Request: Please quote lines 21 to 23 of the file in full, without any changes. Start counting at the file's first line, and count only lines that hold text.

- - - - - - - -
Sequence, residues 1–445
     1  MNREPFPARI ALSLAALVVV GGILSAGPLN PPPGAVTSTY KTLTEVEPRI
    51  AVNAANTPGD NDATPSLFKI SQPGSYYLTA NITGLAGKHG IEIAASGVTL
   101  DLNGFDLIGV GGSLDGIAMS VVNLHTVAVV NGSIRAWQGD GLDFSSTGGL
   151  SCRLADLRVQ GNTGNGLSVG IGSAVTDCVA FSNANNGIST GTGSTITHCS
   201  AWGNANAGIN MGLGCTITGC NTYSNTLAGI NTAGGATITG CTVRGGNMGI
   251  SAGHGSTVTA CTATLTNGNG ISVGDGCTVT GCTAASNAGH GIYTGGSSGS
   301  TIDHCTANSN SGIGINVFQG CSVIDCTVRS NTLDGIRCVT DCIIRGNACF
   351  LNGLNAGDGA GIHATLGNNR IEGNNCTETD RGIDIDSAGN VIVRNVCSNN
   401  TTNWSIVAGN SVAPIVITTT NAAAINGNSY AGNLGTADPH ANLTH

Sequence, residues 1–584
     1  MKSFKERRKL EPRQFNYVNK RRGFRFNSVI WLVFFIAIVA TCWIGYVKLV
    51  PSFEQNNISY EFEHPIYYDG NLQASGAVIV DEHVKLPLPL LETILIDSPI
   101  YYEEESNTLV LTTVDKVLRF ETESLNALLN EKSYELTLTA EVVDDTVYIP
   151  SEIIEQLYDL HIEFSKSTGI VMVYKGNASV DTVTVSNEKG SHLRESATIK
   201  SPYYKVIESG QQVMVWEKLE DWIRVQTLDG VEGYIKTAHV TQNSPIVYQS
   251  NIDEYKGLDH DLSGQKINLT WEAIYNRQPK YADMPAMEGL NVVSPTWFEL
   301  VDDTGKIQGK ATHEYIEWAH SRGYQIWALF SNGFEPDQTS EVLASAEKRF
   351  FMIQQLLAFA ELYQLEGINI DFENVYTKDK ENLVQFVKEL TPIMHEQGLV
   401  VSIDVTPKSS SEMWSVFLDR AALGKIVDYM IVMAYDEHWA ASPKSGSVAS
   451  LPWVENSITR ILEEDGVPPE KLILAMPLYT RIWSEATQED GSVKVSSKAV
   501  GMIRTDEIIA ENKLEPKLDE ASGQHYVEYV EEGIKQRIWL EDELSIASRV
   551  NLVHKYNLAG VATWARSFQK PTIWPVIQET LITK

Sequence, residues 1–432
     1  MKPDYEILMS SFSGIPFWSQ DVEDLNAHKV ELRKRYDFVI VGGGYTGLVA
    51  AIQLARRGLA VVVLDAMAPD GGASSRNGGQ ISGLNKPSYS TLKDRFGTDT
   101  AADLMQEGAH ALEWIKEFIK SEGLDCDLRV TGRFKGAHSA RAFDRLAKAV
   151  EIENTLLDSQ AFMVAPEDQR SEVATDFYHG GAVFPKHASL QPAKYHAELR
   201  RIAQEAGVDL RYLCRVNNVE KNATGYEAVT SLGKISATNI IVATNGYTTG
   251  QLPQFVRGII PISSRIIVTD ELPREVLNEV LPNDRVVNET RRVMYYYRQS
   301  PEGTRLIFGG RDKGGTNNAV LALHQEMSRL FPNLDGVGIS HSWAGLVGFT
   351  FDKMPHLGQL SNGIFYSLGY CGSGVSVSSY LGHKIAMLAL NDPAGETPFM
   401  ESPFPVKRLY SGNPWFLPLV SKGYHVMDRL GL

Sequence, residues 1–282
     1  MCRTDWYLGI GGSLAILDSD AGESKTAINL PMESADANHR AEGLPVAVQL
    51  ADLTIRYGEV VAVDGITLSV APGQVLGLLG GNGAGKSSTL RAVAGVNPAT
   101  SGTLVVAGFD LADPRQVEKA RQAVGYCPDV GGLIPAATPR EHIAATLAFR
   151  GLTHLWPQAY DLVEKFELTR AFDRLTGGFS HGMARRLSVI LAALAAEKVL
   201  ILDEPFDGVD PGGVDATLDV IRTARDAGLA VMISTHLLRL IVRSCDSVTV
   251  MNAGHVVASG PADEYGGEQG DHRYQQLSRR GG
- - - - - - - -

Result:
   451  LPWVENSITR ILEEDGVPPE KLILAMPLYT RIWSEATQED GSVKVSSKAV
   501  GMIRTDEIIA ENKLEPKLDE ASGQHYVEYV EEGIKQRIWL EDELSIASRV
   551  NLVHKYNLAG VATWARSFQK PTIWPVIQET LITK